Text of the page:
By Rebecca Todd
— Can you hold on a second? I need to send a text.
Okay, I'm ready.
It's been said that we live in an addictive society; everyone is addicted to something. In fact, I recently read an article in Psychology Today on how addicted this society is to being addicted - true story.
In fact, there are very few things out there that are not addictive. Applause, bottled water, Harry Potter, and cinnamon toothpicks all made the long list of possible dangerous addictions.
Society is so addicted to addiction, television shows about addicted people have been created and now people are addicted to watching them. That's a vicious cycle.
The latest, most fashionable addiction to have is "nomophobia" - the fear of being without one's cell phone. "Experts" explain that the anxiety felt by those suffering from nomophobia is on par with wedding day jitters and trips to the dentist. No word on who these experts are, but it sounds like there may be a few people addicted to making up addictions.
Oh, that's good. I need to tweet that. Hold on.
Okay, where was I?
One recent study (conducted by "experts") found that 66 percent of people suffer from nomophobia. This study made national news, of course, since the media is also addicted to addiction, especially if children are involved. And trust me, if there is no evidence that children are involved, they will dig until they find a child that is. Thus photos are cropping up on the Internet of a woman dropping her baby but managing to hold on to her phone. She did not even take the phone away from her ear as she scooped the child off the sidewalk. Yes, this is horrid, but what is also horrid is that the person taking the photo saw what was happening and opted to grab his phone and take a photo rather than step in and try to help save the baby and/or snatch the phone out of the woman's hand and slap her with it.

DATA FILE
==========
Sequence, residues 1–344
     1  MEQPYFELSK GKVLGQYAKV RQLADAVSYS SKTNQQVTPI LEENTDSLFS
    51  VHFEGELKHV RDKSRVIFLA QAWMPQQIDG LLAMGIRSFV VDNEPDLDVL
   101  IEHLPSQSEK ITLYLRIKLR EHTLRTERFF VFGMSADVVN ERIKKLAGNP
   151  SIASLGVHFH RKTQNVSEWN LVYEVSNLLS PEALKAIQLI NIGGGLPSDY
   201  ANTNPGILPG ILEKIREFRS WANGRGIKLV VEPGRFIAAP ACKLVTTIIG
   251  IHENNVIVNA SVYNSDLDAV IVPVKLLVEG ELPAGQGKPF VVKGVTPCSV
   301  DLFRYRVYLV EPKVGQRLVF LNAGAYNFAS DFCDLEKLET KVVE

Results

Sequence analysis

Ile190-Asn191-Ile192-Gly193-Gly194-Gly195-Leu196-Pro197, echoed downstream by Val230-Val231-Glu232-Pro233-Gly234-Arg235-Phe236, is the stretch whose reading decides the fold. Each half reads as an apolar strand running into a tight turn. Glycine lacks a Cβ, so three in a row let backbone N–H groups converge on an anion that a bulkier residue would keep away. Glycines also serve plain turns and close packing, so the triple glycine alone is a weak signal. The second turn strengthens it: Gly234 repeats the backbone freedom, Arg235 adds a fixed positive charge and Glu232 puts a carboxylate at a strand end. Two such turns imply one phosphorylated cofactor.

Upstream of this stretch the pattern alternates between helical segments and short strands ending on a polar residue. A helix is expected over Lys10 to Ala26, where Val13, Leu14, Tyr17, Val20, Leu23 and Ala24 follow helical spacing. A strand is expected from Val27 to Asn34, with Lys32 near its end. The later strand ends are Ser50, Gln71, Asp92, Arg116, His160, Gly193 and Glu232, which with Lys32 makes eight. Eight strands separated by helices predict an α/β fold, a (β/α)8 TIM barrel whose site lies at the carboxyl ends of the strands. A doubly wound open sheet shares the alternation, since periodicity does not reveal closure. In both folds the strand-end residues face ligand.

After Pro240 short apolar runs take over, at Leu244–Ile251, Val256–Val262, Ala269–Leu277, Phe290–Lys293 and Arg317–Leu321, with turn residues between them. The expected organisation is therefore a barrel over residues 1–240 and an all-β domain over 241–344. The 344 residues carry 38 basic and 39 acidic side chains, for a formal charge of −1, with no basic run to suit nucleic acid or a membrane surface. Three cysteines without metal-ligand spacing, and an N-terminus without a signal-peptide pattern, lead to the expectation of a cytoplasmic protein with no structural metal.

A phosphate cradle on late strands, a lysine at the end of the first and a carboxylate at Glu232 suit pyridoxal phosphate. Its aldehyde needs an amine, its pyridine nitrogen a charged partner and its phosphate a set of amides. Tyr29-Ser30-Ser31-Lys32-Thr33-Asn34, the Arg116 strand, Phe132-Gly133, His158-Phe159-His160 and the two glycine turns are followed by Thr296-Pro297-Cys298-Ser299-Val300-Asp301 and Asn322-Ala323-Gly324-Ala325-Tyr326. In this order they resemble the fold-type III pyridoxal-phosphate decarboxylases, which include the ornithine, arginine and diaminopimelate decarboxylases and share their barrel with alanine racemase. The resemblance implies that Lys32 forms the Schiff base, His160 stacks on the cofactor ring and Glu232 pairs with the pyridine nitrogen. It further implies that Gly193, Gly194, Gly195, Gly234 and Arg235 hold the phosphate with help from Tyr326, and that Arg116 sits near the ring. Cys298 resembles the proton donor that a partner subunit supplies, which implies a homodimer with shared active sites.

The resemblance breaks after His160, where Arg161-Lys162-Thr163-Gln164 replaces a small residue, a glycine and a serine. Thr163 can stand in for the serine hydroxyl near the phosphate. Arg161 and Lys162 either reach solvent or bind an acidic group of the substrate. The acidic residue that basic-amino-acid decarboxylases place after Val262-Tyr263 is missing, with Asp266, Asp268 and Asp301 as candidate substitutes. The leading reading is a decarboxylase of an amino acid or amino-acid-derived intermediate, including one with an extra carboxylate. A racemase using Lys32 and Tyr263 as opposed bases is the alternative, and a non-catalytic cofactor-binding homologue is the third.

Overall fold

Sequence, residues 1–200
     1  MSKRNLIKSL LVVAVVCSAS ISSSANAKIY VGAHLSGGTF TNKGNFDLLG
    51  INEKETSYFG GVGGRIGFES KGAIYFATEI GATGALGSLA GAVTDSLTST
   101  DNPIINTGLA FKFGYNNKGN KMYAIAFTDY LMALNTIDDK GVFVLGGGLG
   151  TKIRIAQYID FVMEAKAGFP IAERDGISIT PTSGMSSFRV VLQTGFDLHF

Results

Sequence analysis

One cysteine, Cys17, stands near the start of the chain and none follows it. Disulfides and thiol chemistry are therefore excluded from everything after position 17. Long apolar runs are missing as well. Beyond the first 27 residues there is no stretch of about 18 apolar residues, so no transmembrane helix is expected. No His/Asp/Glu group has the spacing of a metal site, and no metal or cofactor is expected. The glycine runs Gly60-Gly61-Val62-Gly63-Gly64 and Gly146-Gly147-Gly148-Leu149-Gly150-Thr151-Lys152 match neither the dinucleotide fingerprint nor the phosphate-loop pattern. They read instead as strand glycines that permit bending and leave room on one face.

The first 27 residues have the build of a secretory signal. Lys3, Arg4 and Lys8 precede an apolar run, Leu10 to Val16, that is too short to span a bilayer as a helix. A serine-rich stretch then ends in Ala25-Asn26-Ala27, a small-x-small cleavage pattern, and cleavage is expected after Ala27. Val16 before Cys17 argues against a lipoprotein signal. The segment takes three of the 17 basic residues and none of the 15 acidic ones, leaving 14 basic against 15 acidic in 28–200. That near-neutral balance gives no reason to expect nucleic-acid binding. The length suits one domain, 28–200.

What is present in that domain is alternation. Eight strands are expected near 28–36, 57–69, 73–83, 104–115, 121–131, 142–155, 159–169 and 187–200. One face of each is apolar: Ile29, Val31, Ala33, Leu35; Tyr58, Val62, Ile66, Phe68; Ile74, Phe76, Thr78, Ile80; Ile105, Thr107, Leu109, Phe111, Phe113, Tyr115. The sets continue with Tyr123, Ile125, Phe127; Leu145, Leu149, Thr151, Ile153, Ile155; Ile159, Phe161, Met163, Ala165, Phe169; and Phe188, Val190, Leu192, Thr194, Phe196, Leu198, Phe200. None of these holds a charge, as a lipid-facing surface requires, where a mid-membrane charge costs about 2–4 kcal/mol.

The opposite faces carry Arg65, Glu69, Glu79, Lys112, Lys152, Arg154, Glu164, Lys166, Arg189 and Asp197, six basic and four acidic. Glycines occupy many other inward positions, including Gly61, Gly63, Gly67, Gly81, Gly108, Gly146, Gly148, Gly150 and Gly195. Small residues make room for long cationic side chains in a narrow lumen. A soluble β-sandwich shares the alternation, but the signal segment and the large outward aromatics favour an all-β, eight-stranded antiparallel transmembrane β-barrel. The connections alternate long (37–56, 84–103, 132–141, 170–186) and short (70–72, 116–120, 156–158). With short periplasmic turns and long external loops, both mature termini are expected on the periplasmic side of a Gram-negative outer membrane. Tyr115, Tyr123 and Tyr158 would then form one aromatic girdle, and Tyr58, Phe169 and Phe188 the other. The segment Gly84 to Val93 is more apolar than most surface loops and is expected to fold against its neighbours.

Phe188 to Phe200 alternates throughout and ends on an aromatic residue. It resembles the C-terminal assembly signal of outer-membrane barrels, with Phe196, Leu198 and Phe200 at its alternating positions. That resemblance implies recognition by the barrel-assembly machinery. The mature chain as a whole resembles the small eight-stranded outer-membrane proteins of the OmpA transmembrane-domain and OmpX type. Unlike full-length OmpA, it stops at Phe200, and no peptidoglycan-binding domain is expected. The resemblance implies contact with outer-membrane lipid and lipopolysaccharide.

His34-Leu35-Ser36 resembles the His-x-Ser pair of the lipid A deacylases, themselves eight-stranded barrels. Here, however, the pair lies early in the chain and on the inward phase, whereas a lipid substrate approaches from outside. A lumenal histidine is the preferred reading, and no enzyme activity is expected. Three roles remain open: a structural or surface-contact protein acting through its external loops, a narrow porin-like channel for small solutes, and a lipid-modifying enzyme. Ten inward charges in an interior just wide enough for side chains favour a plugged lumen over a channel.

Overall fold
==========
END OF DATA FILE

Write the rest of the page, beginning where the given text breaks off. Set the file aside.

Hold on a sec while I post that on my Facebook page.
This, by the way, leads me to my solutions for conquering this problem. While the Morningside Recovery Center in California has founded a recovery group for people suffering with nomophobia (of course they did!), and the pharmaceutical companies are no doubt rubbing their greedy little palms together planning to cash in on this new "addiction," I have a better solution.
Long ago and far away, in a place called the 1990s, I wrote a story about rude people with cell phones getting zapped in the head ala a Stephen Kingish-type phenomenon in which the phones turned on the users. I think it's time to take this plan into action. How about if Siri, that much-loved demon of the iPhone, gains the ability to zap stupidity on the spot?
Siri: "I'm sorry, but you have been on your phone long enough." ZAP! goes the electric shock.
Siri: "I'm sorry, but you are in a movie and are annoying everyone around you." ZAP!
Siri: "I'm sorry, but you just tweeted your 226th tweet of the day." ZAP!
Siri: "I'm sorry, but you have just dropped your baby." ZAP! ZAP! ZAAAPPP!
Actually that last one should issue a self-destruct, because if you are that bad off, you don't need a self-help group or medication. You need to be stopped.
I'm done now because I really need to take a call.
- Rebecca Todd is a freelance writer and the author of the book, "What's the Point?" available at booklocker.com. Contact her at firstname.lastname@example.org.